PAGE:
What Matters Most to Colleges

Ever wonder how colleges select students? It may seem top secret, but many admissions officers are perfectly willing to report how they decide. Find out which admissions factors typically count highly!

While every college is different in the way it admits students, admissions officers typically look at the same group of factors as highly important. Individual colleges, however, do vary in the weight they give other factors. For example, some colleges consider the essay very important, while others do not even require one. Read on to learn more about these factors and how to research their importance to your colleges.

Top Admission Factors Considered by Colleges

The following admission factors are typically considered important by colleges according to The National Association for College Admission Counseling (NACAC). The order of the factors reflects how often the factor was rated "Considerably Important" or "Moderately Important."

Top Factors Ranked "Considerably Important"

College prep course grades. Most colleges will consider your performance in college prep, honors, or Advanced Placement (AP) courses one of the strongest signs of your ability to do well in college. Even if you struggled early in high school, colleges will look favorably upon a strong improvement in your college prep grades and course load during subsequent years.

Strength of high school curriculum. Colleges will notice whether you took the most challenging courses available to you or whether you opted for an easier route. Strong performance in a demanding academic environment shows that you can handle college-level work. If your high school offers only a few college prep courses, admissions officers will take this into account.

Standardized test scores. Your SAT and/or ACT scores usually count highly if the college requires them. All colleges accept both tests. Scores from SAT Subject Tests, AP tests, and the International Baccalaureate (IB) exams may also be important, especially to more selective colleges.

Overall grade point average. Your overall GPA also serves as an indicator of your academic success in high school. The college may also look over your transcript, which lists every class that you have taken in high school and the grade you received in each class.

Top Factors Ranked "Moderately Important"

The admissions essay. Many colleges will ask you to submit an essay or personal statement. Here is your opportunity to put your personality into your application. A well-written essay can tip a decision in your favor.

Letters of recommendation. Some colleges require that you ask a few teachers, your high school counselor, and possibly your principal to complete and submit recommendation forms. Colleges want an honest professional opinion of your abilities and personality. For recommendations from teachers, look for those with whom you've had a good experience in an academic subject, who know you well, and who can vouch for your likelihood of academic success.

Demonstrated interest. Going on a college visit, talking with admission officers, or doing an enthusiastic interview can call attention to how much you really want to attend. Applying for an early decision may also make a good impression.

Class rank. Class rank shows where you place numerically in your class, based on your GPA. Colleges that use this factor want to see how much competition you had to face to achieve your rank. However, fewer and fewer colleges are giving class rank much importance. In fact, fewer than half of high schools now track class rank.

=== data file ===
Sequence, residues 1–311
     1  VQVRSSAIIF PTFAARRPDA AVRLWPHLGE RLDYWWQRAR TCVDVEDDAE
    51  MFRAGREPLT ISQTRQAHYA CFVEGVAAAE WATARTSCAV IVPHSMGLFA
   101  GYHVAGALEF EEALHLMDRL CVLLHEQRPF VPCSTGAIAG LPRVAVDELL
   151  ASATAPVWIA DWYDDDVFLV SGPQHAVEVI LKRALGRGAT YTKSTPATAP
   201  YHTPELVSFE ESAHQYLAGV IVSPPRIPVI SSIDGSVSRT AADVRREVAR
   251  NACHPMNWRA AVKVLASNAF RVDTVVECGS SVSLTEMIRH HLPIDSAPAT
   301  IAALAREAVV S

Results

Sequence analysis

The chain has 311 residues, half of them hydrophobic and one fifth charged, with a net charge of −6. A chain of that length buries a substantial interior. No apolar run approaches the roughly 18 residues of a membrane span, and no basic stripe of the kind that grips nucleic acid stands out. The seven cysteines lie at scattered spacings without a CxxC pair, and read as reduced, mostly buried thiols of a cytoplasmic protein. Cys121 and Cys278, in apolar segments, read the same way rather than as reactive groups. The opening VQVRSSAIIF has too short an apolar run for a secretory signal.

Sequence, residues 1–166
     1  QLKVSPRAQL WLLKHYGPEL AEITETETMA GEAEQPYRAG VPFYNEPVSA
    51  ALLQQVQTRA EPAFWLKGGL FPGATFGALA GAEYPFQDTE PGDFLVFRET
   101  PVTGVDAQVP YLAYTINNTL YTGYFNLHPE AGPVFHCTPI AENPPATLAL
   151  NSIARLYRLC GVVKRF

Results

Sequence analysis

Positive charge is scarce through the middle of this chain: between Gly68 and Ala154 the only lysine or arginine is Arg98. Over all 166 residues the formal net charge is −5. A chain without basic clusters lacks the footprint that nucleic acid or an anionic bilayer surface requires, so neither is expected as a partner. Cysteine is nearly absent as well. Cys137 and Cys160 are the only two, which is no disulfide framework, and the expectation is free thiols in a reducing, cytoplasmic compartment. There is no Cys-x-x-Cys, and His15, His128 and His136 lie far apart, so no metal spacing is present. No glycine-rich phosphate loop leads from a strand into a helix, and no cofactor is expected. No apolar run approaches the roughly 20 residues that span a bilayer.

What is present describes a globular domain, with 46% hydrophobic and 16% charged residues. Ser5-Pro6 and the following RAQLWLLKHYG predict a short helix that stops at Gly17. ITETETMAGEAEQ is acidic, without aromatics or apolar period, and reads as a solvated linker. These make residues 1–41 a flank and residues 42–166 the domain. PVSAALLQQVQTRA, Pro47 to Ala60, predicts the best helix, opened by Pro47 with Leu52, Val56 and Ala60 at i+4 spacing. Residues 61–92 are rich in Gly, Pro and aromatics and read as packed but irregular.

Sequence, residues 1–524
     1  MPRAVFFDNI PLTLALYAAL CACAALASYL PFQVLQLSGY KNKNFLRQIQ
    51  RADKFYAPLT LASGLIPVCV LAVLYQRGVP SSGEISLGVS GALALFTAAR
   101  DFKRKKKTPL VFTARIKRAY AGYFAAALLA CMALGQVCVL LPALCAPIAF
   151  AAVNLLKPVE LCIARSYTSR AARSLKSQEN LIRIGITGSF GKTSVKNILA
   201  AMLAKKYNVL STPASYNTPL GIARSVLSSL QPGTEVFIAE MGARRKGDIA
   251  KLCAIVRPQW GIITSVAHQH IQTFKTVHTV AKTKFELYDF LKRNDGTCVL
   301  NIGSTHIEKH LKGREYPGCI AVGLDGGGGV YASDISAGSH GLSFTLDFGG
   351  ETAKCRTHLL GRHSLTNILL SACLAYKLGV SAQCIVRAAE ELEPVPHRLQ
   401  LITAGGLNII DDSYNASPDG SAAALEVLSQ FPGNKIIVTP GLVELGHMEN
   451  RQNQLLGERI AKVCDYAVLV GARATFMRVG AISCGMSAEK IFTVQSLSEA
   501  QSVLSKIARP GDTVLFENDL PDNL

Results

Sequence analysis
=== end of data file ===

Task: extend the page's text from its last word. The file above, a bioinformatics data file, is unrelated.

Extracurricular commitment. What counts most to colleges is not how many extracurricular activities you list. What is impressive is how long and how deeply you have been committed to one or two interests, how much time you allot to them each week, what leadership roles you have undertaken, and what you have accomplished.

Admissions at Highly Selective Colleges

At highly selective schools (those that admit under a third of their applicants), admissions officers typically make final choices from a pool of students who are outstanding in the "considerably important" admission factors. To make their decisions, they may look for a consistent picture across the application. Do a student's recommendations, test scores, and grades highlight the same strengths? They may look for evidence of intellectual drive in the essay, extracurricular activities, interview, and any communication the student has had with the college. The best way to find out how such colleges evaluate applications is to simply ask an admissions officer what they look for beyond grades and scores.

Admission Factors at Your Colleges

While all of these admissions factors are generally important, it is up to each college to determine which ones are the most important to them. Using College Data's College Match tool, you can look up the specific admissions criteria for the colleges that interest you. Select the Admission tab to see which factors the college rates as Very Important, Important, Considered, or Not Considered. To see the credentials of students applying to your target colleges, visit College Data's Admissions Tracker.

As you firm up your college list and start to tackle your applications, take the time to understand how each of your colleges evaluates candidates for admission. If grades and test scores are vitally important, take a hard look at your own stats. Do they make you a well-qualified candidate? If your essay is a key factor, put in the extra time and effort it takes to produce a compelling statement. The more you know about the admissions factors a college values most highly, the more you are able to make good choices about where to apply and make your best impression when you do apply.

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